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TO OUR READERS
Mark Mulvoy
July 03, 1995
Try as he might, SI special contributor Donald Katz just can't shake the ferrets. They're tenacious little varmints, and they seem to follow him wherever he goes.
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July 03, 1995

To Our Readers

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Try as he might, SI special contributor Donald Katz just can't shake the ferrets. They're tenacious little varmints, and they seem to follow him wherever he goes.

When we were looking for a writer to cover the business side of sports two years ago, Katz emerged as the leading contender. The author of a book that chronicled the battle for control of the Sears retailing chain and a frequent contributor of business stories to many publications, he is particularly adept at persuading tight-lipped corporate executives to open up. We were also impressed with Katz's academic credentials—he has a master's degree in economics from the London School of Economics. But it was his hilarious 1983 story for Outside, entitled "The King of the Ferret Leggers," about a Briton named Reg Mellor who held the world record for keeping live ferrets stuffed inside his pants longer than anyone, that closed the deal. "When we brought up Don's name, everyone remembered the ferret legger story," says assistant managing editor Rob Fleder. "We knew we weren't just getting a business writer."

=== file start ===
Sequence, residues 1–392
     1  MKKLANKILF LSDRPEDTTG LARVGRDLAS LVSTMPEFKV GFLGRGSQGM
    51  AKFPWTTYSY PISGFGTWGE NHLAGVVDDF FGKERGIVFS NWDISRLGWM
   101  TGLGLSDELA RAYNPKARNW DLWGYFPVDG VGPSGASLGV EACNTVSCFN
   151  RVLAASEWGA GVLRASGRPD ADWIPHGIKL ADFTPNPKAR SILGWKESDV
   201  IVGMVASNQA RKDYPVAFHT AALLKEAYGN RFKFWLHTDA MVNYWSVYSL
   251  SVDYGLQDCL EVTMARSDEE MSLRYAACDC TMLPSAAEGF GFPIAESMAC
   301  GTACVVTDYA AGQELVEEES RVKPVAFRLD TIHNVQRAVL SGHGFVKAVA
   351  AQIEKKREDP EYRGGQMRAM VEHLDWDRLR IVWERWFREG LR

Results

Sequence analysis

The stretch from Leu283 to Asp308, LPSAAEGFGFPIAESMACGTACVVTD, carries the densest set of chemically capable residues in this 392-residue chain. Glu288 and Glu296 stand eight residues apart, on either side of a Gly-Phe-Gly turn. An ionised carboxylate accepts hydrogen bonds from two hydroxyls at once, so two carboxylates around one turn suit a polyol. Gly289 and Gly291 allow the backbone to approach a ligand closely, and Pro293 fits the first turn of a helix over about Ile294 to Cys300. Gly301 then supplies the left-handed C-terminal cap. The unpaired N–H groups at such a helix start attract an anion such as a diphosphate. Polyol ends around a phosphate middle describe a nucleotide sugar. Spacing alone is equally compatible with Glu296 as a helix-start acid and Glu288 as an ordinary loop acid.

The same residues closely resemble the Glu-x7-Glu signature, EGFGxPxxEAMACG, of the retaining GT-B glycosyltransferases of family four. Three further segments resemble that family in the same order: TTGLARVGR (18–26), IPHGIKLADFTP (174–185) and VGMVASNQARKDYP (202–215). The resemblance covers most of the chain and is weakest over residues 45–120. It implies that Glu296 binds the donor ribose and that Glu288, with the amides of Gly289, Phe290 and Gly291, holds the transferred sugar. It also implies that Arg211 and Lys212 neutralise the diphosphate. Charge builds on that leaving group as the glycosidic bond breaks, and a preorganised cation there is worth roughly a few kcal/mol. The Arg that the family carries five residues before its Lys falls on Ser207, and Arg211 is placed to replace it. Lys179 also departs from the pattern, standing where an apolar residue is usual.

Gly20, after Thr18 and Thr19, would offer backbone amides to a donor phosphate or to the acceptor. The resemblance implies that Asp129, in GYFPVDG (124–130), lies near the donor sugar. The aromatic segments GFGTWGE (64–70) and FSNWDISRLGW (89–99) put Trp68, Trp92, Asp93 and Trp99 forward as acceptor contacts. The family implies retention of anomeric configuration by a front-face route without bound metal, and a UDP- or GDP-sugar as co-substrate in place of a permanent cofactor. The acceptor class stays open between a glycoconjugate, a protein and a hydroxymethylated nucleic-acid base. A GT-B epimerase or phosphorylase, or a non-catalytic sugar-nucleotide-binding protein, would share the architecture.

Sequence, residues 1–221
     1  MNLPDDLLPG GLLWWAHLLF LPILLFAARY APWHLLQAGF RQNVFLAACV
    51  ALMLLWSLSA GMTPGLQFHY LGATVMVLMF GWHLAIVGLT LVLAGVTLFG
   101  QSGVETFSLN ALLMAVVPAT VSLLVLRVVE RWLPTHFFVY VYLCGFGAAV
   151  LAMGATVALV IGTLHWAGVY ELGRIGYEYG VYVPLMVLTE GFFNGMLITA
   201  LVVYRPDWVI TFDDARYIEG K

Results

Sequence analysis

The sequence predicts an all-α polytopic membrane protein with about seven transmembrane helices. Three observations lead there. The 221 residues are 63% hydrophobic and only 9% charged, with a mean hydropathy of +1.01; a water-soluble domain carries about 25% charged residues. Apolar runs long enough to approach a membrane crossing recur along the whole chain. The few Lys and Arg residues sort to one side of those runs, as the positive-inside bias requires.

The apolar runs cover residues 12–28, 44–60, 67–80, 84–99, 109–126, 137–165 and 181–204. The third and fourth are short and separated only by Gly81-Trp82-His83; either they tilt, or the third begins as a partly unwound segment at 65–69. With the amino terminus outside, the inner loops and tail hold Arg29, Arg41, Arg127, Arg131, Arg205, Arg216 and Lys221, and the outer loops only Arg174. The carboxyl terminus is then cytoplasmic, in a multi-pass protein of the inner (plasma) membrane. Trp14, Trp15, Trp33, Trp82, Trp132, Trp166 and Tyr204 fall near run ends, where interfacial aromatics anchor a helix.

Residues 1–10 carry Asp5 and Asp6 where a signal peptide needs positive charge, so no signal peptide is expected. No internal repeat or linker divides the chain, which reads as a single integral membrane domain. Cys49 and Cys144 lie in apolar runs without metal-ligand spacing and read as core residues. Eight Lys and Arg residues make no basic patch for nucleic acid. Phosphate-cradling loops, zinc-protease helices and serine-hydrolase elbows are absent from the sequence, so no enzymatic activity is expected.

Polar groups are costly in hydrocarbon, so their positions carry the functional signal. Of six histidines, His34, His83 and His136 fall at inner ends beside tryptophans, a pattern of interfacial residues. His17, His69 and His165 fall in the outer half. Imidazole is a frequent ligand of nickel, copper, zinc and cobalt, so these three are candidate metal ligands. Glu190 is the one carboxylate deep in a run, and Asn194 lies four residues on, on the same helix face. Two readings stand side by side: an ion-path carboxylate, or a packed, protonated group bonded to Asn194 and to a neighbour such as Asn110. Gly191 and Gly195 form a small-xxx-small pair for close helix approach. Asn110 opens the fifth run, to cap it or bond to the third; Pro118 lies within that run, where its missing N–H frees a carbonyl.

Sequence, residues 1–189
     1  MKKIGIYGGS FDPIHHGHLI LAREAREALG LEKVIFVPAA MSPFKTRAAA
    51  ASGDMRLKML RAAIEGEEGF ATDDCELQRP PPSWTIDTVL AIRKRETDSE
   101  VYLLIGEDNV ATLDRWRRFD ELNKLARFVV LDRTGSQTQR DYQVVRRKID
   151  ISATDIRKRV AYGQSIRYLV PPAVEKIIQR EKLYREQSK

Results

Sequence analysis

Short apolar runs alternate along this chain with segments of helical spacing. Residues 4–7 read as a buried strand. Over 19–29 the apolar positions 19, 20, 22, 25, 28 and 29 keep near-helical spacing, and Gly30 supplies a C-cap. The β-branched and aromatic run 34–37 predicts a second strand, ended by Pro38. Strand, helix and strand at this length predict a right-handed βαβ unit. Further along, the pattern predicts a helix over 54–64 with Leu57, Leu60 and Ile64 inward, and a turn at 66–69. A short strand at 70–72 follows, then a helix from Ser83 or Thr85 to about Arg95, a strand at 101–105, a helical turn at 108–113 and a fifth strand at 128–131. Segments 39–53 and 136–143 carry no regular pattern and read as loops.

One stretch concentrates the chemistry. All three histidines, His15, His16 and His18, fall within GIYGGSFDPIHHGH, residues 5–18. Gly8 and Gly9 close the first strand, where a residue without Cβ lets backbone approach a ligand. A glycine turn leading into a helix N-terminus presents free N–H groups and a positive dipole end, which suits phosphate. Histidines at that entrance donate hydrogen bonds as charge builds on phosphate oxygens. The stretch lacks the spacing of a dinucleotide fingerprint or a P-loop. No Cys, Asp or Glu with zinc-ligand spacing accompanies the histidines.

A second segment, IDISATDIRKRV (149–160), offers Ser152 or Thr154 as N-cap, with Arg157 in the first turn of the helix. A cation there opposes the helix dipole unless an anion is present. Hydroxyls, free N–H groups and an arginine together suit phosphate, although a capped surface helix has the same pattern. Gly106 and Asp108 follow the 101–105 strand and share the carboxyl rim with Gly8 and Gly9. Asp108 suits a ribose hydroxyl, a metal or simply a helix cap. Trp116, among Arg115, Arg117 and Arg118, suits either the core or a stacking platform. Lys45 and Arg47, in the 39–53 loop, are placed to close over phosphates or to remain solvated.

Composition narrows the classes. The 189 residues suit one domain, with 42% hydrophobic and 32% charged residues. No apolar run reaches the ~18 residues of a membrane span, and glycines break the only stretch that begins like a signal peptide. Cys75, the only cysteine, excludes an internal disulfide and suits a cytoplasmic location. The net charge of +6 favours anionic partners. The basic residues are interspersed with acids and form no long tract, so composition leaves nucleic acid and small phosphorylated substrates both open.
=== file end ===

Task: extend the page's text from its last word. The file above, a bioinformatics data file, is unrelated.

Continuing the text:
"I still hear from people about that story," says Katz. "It was one of those things that I wrote in one morning, but people pass it around like a Victorian poem. It's got a cult following."

The collaboration between Katz and SI produced the Aug. 16, 1993, cover story on Nike and its chairman, Phil Knight, which grew into Just Do It: The Nike Spirit in the Corporate World, Katz's 1994 book on the company. In this week's issue his examination of the relationship between sports and the new digital computer technology—also the subject of a forthcoming book—begins on page 58.

Katz, 43, grew up in Chicago and, after graduating from NYU in 1974, headed for London, which served as his base for the next four years. When he wasn't attending classes, he traveled around Europe writing about foreign affairs for Rolling Stone and The New Republic.

These days his base is Montclair, N.J., where he divides his time between his writing, his family—wife Leslie Larson and their three children, Chloe, 9, Austin, 6, and Dashiell, 2—and his role as defenseman and captain of the Montclair Fossils, an aptly named collection of slow-skating, middle-aged men who once harbored dreams of NHL glory. The Fossils recently played a charity game in New Jersey against a team of Russian Red Army and Olympic players from the 1970s and were trounced 14-3.

Off the ice Katz is more than capable of keeping up with the fast-moving world of digital technology. "These technologies are going to change the way we live," he says, "and therefore the way we play."

Katz recently purchased some fast-moving new technology himself—a Pentium-based computer system with a high-speed modem. "At first I could only get it to work at the lowest speed," he says. "But I managed to get the thing going, and now I'm connected."

And through his story, so are we. Now, if he can only get the Fossils up to speed.

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